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I find it very sad that the thought of being sued without negligence is a drawback to having a playset.

 

I am paying close attention to the advice. I like the flag idea. We were gifted an extremely nice playset. It was from a daycare center that closed up and is nicer than the one the town has. We haven't put it up yet, since we haven't moved in. I figure if I get rules in place ahead of time then no one can take them personal.

It isn't necessarily about being sued. It's just the way insurance works. Even if my neighbor had no desire to file a claim against our home owners insurance, if they sought medical care with coverage from their medical insurance, it's the health insurance company that would file the claim against my home owners insurance company. Kinda stupid. I think it should be based on negligence, but just because your kid happens to be on my property when he gets hurt, MY insurance premiums might increase? Weird.

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LOL Same here! I moved to get away from stuff like that happening. The only things that run across my yard uninvited are raccoons and foxes. At least I can shoot those if they become a pest.

 

Add groundhogs, squirrels, and opossums and it's the same here.

 

We tried living in a nice section of a really nice city.  It wasn't for us.

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I really like that flag idea if I lived in a neighborhood like that.

 

Everyone in my neighborhood has six-foot privacy fences.  But I found it pretty strange that there are gates connecting some backyards.  Two of our neighbors open up the gates and let their dogs play together.  There is a gate connecting my backyard to one of the neighbor's.  I didn't think anything of it until my dog's favorite toy was missing and it looked like the neighbor dog had it.  And then one day we were startled when a neighbor was just suddenly on our second floor deck getting her cat.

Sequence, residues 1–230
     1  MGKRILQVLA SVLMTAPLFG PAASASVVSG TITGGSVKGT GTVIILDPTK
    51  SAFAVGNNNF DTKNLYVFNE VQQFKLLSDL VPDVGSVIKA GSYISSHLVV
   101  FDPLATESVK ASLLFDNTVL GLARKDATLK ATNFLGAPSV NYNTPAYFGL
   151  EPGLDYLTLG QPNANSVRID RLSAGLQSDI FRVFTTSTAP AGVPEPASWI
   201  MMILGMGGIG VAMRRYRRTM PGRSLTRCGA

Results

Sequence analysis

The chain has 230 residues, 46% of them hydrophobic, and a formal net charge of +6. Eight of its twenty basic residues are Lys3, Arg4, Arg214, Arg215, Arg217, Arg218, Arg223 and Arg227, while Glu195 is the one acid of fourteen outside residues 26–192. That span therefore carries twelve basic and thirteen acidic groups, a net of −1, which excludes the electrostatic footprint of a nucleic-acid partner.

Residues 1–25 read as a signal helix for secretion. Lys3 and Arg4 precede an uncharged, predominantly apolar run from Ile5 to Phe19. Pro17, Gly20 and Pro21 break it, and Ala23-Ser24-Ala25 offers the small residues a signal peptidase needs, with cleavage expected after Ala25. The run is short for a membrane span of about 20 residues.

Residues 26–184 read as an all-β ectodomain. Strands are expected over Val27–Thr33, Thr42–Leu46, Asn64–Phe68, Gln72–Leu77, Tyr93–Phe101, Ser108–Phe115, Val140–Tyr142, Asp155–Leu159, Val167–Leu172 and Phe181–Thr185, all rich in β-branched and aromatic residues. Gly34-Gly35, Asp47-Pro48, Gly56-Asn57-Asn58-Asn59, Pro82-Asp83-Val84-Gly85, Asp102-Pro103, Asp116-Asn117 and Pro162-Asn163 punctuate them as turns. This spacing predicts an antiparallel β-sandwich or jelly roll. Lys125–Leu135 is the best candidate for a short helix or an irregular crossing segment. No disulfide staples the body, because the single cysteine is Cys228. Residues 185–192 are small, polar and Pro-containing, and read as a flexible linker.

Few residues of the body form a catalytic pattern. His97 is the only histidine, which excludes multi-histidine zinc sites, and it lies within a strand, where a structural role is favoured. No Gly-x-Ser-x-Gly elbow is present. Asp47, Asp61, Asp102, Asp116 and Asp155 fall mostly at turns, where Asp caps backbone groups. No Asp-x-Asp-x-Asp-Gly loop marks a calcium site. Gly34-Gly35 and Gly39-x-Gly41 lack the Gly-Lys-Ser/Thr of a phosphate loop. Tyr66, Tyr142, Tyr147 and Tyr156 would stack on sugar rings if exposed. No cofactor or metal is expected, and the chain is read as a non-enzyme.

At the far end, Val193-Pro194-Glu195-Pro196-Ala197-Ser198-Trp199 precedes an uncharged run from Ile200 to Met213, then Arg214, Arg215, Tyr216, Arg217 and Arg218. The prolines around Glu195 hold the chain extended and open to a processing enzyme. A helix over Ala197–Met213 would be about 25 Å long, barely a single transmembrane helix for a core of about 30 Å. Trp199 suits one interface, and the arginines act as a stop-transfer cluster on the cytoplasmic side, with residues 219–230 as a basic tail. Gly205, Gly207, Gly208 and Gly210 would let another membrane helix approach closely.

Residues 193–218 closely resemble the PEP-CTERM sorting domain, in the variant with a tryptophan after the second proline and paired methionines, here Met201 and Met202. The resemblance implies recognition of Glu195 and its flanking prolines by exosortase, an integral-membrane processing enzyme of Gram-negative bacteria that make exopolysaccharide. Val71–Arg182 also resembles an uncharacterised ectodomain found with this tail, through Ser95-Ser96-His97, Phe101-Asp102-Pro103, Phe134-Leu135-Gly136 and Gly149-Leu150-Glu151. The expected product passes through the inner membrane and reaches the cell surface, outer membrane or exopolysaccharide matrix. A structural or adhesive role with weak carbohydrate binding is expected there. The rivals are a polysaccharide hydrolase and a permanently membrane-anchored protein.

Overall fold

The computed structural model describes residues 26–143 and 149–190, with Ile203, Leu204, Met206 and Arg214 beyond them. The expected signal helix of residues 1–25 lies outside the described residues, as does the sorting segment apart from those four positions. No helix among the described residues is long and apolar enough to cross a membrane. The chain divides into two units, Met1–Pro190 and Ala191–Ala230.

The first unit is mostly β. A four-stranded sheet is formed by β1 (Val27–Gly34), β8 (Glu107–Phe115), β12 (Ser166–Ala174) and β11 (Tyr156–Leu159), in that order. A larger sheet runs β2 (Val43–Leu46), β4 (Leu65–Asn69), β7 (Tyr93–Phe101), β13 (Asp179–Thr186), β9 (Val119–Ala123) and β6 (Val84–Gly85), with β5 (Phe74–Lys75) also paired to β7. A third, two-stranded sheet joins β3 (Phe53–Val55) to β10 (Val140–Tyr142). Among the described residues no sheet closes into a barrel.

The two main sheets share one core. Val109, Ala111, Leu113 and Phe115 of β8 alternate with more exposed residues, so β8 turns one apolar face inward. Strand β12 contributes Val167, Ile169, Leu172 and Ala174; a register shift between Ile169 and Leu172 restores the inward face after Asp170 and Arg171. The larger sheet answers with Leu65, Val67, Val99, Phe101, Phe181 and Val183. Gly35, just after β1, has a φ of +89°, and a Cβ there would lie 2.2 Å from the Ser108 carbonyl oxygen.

When my dad built my DD a swing set he put a couple of screws through the gate.  Now it can never open again!  :leaving:

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We had it up for 2 weeks when our neighbor commented that they were so glad we did, because they wanted a fence, but didn't want to pay for an entire fence.  They were waiting for people on the other sides to put up fences so they would only have to pay of the  back part and  just hook up to the pieces on the side. I was rather irritated.  James Bond wanted to tell them if they hooked up to ours, they should pay for half the cost of that side, but to keep the peace, I convinced him not to.

This is something we're kind of afraid of our neighbors thinking. The rear neighbor built his fence *right* after we moved in, and the one side neighbor built theirs about a month ago. He had mentioned his plans to us at one point a few months ago, and we asked about paying half, but he declined. I wasn't sure if we should pursue that, or if he really just wanted to own the whole fence. It seems like, so far in this neighborhood, everyone has been paying the whole thing, but I do worry about people considering us mooches. Our other side neighbor has said that he doesn't intend to build a fence, so we are planning to pay for that entire side (and the portion of the rear part of our yard that hasn't been fenced yet) ourselves.